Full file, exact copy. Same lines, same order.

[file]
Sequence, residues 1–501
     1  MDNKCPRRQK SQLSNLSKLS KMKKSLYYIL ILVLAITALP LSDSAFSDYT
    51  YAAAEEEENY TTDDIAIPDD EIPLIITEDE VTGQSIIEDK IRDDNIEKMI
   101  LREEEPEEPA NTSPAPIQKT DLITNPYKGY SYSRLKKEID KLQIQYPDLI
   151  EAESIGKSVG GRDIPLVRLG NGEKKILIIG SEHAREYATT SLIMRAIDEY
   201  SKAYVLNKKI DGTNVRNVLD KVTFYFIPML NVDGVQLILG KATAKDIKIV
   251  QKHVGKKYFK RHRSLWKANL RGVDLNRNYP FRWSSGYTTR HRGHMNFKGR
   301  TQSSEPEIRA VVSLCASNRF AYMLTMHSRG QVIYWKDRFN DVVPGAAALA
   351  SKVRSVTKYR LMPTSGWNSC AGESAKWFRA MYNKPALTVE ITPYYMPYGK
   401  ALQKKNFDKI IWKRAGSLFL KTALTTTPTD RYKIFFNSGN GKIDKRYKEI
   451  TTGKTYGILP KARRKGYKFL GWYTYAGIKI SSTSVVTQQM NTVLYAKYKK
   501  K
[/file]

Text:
Sequence, residues 1–501
     1  MDNKCPRRQK SQLSNLSKLS KMKKSLYYIL ILVLAITALP LSDSAFSDYT
    51  YAAAEEEENY TTDDIAIPDD EIPLIITEDE VTGQSIIEDK IRDDNIEKMI
   101  LREEEPEEPA NTSPAPIQKT DLITNPYKGY SYSRLKKEID KLQIQYPDLI
   151  EAESIGKSVG GRDIPLVRLG NGEKKILIIG SEHAREYATT SLIMRAIDEY
   201  SKAYVLNKKI DGTNVRNVLD KVTFYFIPML NVDGVQLILG KATAKDIKIV
   251  QKHVGKKYFK RHRSLWKANL RGVDLNRNYP FRWSSGYTTR HRGHMNFKGR
   301  TQSSEPEIRA VVSLCASNRF AYMLTMHSRG QVIYWKDRFN DVVPGAAALA
   351  SKVRSVTKYR LMPTSGWNSC AGESAKWFRA MYNKPALTVE ITPYYMPYGK
   401  ALQKKNFDKI IWKRAGSLFL KTALTTTPTD RYKIFFNSGN GKIDKRYKEI
   451  TTGKTYGILP KARRKGYKFL GWYTYAGIKI SSTSVVTQQM NTVLYAKYKK
   501  K